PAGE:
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Posts Tagged ‘Lucky Strike; James Buchanan Duke; James Bonsack; American Tobacco Company’

Talking of cigarettes, this may interest you …

The Lucky Strike brand was introduced by R.A. Patterson in 1871 as cut-plug chewing tobacco and later a cigarette.

When reading a scene from ‘A Bargain Struck’ (to come out in Sept 2013) to my Friend in the North, I said that the character, Niall, took a packet of cigarettes from the pocket of his jeans.  I heard her exclaim at the other end of the phone, and I stopped. Surely they didn’t have packets of cigarettes in Wyoming, 1887, she said. Didn’t everyone roll their own in those days?

Aha! She’s thinking no doubt of the handsome cowboy leaning against the fence, rolling his own as he stared at the distant horizon, chisel-jawed, eyes crinkling against the glare of the sun, I thought.

But it got me thinking (and not just about the cowboy!). Could I have forgotten to check the history of packaging cigarettes, I asked myself. There was only one thing I could do –  I opened my online encyclopaedia. It occurred to me that you might be interested in what I found out.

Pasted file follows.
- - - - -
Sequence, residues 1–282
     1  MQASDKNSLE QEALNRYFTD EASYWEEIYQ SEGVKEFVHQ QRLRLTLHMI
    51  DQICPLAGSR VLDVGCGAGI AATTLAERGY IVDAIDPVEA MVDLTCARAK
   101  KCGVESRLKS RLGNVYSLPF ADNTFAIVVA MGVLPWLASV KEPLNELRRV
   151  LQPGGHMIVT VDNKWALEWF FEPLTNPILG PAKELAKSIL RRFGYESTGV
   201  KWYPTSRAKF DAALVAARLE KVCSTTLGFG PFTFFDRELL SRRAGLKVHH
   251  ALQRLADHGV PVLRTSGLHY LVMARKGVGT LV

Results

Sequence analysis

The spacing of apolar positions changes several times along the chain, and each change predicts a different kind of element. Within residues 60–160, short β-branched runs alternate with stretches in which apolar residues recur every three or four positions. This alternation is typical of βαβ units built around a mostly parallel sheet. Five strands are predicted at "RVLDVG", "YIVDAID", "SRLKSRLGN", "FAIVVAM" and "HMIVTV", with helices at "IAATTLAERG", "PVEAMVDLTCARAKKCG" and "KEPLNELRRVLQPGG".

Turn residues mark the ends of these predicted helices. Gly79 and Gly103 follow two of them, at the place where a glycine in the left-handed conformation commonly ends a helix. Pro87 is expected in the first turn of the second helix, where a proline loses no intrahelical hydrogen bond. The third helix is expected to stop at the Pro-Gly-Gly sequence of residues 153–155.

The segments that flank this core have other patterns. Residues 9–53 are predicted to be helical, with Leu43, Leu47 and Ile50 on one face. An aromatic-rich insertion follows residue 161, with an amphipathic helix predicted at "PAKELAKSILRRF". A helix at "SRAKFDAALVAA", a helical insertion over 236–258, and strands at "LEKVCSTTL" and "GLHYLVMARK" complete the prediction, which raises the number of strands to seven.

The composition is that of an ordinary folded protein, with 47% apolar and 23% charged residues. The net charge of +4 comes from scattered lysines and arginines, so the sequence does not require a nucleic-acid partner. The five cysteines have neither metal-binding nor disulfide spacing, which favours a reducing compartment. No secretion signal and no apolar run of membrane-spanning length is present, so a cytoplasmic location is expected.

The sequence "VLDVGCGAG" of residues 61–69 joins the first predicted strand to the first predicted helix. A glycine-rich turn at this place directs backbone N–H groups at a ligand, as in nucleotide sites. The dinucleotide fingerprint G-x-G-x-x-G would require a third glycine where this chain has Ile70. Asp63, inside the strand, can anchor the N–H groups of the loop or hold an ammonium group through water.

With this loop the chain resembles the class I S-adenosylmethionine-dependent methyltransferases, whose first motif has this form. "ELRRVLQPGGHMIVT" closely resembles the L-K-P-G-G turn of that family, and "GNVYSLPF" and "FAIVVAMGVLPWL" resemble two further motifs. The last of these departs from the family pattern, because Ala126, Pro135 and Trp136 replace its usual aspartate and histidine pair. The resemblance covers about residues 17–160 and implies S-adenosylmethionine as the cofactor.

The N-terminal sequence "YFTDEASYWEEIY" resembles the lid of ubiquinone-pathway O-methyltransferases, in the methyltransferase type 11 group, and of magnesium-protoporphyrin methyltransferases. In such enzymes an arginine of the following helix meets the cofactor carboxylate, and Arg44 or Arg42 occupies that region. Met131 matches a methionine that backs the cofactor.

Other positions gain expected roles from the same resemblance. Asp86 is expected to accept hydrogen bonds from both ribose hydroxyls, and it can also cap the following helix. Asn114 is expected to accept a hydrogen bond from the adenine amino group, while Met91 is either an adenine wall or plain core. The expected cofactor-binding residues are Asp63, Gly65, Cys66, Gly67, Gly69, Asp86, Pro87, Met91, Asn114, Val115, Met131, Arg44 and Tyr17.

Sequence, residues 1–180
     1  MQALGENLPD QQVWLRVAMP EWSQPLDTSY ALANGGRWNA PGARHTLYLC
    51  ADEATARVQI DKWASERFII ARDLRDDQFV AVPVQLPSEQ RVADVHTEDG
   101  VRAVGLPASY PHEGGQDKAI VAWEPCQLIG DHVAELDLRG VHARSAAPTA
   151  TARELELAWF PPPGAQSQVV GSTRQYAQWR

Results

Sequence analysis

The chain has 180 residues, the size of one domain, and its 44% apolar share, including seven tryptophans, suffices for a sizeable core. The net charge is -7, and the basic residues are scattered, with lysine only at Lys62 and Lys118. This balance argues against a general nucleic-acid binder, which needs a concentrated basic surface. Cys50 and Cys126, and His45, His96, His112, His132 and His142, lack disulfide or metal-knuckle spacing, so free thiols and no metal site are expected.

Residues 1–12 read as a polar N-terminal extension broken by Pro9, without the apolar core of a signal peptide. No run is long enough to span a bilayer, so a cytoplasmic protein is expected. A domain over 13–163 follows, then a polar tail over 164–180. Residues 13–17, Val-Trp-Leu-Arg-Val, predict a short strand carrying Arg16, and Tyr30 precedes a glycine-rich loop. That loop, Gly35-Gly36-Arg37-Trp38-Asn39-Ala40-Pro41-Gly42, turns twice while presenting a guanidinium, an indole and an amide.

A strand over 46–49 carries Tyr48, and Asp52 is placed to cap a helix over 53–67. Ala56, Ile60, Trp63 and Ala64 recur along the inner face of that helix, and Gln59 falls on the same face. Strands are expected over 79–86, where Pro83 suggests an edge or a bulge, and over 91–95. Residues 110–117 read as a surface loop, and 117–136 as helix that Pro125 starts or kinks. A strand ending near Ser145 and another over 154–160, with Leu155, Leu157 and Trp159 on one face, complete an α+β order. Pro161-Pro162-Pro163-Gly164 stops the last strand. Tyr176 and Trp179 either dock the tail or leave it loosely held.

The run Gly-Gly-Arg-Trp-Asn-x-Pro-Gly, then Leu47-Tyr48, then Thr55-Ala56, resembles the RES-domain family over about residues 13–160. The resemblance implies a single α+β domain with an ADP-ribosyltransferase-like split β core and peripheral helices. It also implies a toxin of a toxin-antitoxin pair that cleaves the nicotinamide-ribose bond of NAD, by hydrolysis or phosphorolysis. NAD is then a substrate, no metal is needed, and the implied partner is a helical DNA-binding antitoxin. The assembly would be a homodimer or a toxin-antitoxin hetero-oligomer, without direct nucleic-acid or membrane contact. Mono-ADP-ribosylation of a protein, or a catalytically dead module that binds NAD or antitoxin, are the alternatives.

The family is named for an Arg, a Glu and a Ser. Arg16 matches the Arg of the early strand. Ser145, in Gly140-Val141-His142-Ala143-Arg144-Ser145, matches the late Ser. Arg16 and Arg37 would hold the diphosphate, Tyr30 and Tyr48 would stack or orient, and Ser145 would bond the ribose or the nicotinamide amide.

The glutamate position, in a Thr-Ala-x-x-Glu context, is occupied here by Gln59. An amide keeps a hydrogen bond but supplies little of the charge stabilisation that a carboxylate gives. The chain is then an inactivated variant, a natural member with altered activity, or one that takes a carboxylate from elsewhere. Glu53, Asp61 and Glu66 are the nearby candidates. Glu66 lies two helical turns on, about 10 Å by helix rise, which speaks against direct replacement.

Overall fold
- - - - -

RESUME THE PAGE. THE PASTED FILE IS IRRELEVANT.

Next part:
Tobacco has been grown in America since the 17th century. In order to smoke it, the leaves were first rolled in fine paper. As you can imagine, this was laborious and it limited the number of cigarettes smoked. Until …

In 1865, an enterprising man, James Buchanan Duke, began to roll cigarettes and sell them to others for profit. Eventually, …

In 1881, James Bonsack invented a cigarette-rolling machine, which produced over 200 cigarettes per minute – the number a skilled hand roller could produce in one hour. This reduced the cost of rolling cigarettes by 50%, and it cut each cigarette with precision and uniformity. Cigarettes were packaged into tens, and the packet was marked with the name of the company that manufactured them and various logos or designs. Each packet of ten sold for five cents. Not surprisingly, the easier accessibility and cheaper price resulted in an increase in the popularity of cigarette-smoking.

In 1884, the astute J. B. Duke struck a deal with the Bonsack Machine Company, and he began to use rented Bonsack machines and work with a Bonsack mechanic. But …

By the late 1880s, he noticed that the growth rates in the cigarette industry were declining. So…

In 1890, he  banded with 4 other tobacco companies to form a large consortium called the American Tobacco Company. This was the first company to produce cigarettes on a large scale.

So, yes, Niall would have been able to pull a packet of cigarettes from the pocket of his denims.

Darrell Winfield, rancher and model, Marlboro Man from 1968 to 1989

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